Trinity Road, Ventnor, Isle of Wight
A mid-Victorian Gothic design, seriously damaged by fire in 2006 and subsequently demolished and replaced with a new church in 2014.
Mass was being said at various locations in Ventnor from 1856 and it was not until 1870 that a permanent site was found in Trinity Road and a church built and opened in May 1871. The architect was T. Chatfield Clarke, a London architect who came from the Isle of Wight and in about 1880 built himself a house, Oakfield, at Wootton. The Tablet (17 September 1870) provided the following account of the laying of the foundation stone:
‘It is now some five or six years since the first Catholic service was held in Ventnor by the Rev. V. W. Duke, in some houses which then stood near the cliff, and were known as Devonshire Terrace. At the time the piers were being constructed to form a harbour for the town it was found necessary to blast a portion of the cliff. The blasting shook these houses to their very foundations, and brought them into a very dilapidated condition. It was in one of these that the Rev. V. W. Duke established himself, and fitted up a chapel, and here he celebrated Mass until he was succeeded by the Rev. F. S. Bowles, who, in his turn, continued to live in the house and hold services, until, in consequence of the unsafe state into which the houses had been brought, increased by heavy gales of wind which rendered them roofless and otherwise damaged them, they had to be taken down, at least so much as was left of them. The present Priest is the Rev. Justin D. Mooney, who since his residence at Ventnor, some eight months, has continued the services in another building. At length, a site having been obtained, it has been determined to erect a suitable church. The site is a peculiar one, standing much below the level of the road, and is of no great width. The church is planned to utilize the space, and leave room for enlargement, and will consist of a spacious nave, a roomy chancel, sacristy, entrance porch, and all adequate provision for worship. It was originally designed to seat about 150 persons, but has been somewhat enlarged in execution to seat about 200. The foundation-stone was laid on Thursday the 7th inst., the Bishop of Troy officiating. The afternoon was fine and warm, and there were a large number of people present, who were gathered between the walls of the church, which was hung round with flags. The Bishop was attended by the Very Rev. Canon Danell, V.G ., &c., the Rev. Michael Barry, of Spanish Place, London,, and the Rev. Justin D. Mooney, Pastor of the Mission at Ventnor. The Rev. Thomas Morrissey officiated as master of ceremonies […] The usual ceremonies having been performed, Richard Swift, Esq., of Chale, who is one of the principal donors to the church, was invited to lay the stone, which he accordingly did, and a bottle containing the following inscription was placed under it :— ” To the greater glory of God, and in honour of the Blessed Virgin Mary and Saint Wilfrid, Bishop and Confessor, this stone was laid by the Most Rev. William Placid Morris, O.S.B., Bishop of Troy, on the Feast of the Nativity of the same Holy Virgin, the year in which the first Vatican Council was celebrated in Rome, 1870. Rev. Justin D. Mooney, was the Priest of the Mission; Thomas C. Clark, the Architect ; and Daniel Day, the Builder. ” ‘[…]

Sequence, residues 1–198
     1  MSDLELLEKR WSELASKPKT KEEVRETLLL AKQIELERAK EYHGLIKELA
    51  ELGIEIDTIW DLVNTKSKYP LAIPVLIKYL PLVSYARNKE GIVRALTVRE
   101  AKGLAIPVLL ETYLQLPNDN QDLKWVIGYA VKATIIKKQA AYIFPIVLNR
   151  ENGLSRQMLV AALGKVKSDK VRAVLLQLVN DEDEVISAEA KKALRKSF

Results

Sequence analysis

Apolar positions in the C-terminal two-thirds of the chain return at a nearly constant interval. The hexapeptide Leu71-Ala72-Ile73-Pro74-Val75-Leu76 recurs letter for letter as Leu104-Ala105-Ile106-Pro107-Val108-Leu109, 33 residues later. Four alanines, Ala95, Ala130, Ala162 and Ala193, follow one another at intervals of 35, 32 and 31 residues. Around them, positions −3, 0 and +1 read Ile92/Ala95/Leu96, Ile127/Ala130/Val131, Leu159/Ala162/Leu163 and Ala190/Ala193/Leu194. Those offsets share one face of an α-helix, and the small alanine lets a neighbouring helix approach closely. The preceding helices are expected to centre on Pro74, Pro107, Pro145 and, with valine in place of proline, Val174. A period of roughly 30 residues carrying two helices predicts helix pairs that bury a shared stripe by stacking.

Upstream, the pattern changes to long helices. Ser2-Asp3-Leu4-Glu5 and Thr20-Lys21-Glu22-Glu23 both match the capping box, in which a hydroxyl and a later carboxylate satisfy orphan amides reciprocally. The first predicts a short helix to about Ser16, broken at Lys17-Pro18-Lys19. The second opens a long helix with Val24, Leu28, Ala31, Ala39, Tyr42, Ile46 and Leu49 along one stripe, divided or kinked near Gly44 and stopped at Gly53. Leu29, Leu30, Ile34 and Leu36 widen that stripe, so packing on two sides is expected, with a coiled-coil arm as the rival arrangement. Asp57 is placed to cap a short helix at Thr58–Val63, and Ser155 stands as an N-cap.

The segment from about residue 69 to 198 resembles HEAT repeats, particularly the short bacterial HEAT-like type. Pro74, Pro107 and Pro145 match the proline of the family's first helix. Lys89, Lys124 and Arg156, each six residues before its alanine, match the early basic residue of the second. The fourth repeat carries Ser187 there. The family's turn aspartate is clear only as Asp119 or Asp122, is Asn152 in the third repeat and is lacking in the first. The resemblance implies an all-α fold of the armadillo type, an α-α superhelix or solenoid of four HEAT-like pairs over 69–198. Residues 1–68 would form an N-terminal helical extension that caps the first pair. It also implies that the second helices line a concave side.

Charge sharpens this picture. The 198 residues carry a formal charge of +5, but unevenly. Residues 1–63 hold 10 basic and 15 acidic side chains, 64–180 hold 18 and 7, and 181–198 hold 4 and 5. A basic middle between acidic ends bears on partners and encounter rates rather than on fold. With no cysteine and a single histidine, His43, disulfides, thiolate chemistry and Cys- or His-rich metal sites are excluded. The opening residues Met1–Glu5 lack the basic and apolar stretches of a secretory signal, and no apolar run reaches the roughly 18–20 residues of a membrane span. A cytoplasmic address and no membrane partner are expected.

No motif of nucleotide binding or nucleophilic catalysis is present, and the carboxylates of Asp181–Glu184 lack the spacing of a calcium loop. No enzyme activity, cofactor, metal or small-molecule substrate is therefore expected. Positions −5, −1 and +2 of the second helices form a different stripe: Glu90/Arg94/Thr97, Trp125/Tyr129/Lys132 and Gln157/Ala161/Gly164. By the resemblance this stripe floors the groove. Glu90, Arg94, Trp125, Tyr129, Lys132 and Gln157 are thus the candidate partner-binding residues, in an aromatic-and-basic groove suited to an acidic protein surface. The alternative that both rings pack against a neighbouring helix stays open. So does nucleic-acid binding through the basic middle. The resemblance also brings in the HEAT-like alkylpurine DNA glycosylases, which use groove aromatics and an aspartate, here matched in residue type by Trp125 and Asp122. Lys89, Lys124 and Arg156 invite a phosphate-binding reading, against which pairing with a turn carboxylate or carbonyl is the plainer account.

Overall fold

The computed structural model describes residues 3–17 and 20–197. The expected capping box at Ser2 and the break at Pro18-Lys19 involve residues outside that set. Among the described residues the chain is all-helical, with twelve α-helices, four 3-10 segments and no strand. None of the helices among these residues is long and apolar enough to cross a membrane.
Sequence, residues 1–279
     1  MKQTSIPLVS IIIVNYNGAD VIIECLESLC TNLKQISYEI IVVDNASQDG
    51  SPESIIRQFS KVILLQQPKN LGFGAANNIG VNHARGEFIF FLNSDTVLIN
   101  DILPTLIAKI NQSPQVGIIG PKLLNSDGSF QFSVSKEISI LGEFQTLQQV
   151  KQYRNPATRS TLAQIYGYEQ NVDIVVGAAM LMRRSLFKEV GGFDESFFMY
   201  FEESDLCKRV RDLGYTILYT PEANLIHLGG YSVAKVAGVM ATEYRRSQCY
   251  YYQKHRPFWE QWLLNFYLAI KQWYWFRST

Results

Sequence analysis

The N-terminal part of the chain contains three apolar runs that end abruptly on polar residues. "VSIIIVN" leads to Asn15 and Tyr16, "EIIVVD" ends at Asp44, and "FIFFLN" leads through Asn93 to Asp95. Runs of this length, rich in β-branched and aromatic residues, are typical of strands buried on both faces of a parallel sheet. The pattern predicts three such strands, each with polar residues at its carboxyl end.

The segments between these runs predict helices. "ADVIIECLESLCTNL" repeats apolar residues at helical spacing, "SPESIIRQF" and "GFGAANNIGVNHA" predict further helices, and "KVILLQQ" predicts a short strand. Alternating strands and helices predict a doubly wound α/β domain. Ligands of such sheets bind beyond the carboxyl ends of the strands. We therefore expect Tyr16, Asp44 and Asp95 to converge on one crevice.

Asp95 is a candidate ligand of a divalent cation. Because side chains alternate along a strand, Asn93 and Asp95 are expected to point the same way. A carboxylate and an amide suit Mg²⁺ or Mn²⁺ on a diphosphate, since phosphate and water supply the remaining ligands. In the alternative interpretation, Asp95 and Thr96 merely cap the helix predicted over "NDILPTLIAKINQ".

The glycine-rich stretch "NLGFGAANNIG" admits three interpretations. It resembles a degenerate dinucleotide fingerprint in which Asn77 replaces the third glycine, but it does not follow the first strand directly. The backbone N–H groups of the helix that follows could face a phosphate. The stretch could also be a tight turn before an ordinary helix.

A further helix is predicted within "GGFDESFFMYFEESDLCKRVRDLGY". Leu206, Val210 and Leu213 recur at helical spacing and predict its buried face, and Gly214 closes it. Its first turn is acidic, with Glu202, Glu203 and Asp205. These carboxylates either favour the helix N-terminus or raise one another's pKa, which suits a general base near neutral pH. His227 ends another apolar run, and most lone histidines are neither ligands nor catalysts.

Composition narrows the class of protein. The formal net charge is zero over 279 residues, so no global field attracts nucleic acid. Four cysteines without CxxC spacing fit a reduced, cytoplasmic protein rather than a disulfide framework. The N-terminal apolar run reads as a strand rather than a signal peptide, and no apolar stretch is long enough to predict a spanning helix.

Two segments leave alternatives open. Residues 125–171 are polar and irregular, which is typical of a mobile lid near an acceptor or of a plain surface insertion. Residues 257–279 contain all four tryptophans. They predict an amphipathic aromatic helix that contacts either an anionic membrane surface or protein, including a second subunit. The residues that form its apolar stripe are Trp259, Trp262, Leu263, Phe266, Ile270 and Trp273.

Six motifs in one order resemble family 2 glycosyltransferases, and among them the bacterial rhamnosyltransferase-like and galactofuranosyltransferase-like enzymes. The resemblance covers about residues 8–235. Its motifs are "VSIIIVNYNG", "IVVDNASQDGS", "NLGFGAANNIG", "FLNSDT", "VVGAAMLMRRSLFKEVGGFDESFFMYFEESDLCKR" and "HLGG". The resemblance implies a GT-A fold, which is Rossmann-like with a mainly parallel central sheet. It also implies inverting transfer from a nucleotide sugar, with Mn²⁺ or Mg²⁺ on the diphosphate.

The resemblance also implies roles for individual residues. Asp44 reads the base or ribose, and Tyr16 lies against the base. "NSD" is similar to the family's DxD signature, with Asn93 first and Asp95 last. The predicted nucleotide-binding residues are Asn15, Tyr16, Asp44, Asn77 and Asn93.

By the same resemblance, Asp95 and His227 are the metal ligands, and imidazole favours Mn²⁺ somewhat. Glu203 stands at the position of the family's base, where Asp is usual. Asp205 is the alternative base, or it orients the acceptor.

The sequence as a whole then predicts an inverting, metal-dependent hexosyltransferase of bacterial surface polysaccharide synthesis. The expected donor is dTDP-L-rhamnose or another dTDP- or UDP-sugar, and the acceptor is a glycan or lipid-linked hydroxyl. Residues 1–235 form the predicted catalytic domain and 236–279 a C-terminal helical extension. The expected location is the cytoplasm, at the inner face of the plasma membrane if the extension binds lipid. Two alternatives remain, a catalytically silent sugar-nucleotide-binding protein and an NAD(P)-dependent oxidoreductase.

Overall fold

The church was opened by the Bishop of Southwark on 24 May 1871. The report in The Tablet (3 June) included this description:
‘The church is a beautiful specimen of the Early English style of architecture, from designs by T. C. Clarke, Esq., of London, and reflects great credit on him and on the builder. It consists of nave and very handsome chancel, and is built of the local freestone. It is well lighted by a triple lancet window at the west end, and by five smaller ones on each side of the nave, and over the high altar is a very beautiful painted window erected by R. Swift, Esq., in memory of his only child, the late Miss Swift. It represents Our Lady in Glory, supported by S. Wilfrid and S. Catherine, V.M.’
The church was built of stone, of nave with bellcote, later liturgical north aisle and sanctuary. Plain lancet windows and a trio of lancets to the liturgical west wall of the nave. The liturgical north aisle was also gabled and not much smaller than the nave. The arcade had octagonal piers and chamfered arches. The sanctuary was more individual, with five circular windows high up in the liturgical south wall and a high circular liturgical east window.
There was a devastating fire on 3 December 2006, which left the nave roofless and only the main structural walls and arcade remaining. The roofs of the liturgical north aisle and sanctuary were less harmed (see photos above). A decision was subsequently taken to demolish, and in 2014 a new church was built on the site of the adjoining parish hall (designs by the AED Practice, Reading).
Entry amended by AHP 1.1.2021
Architect: T. Chatfield Clarke
Original Date: 1871
Conservation Area: Yes
Listed Grade: Not Listed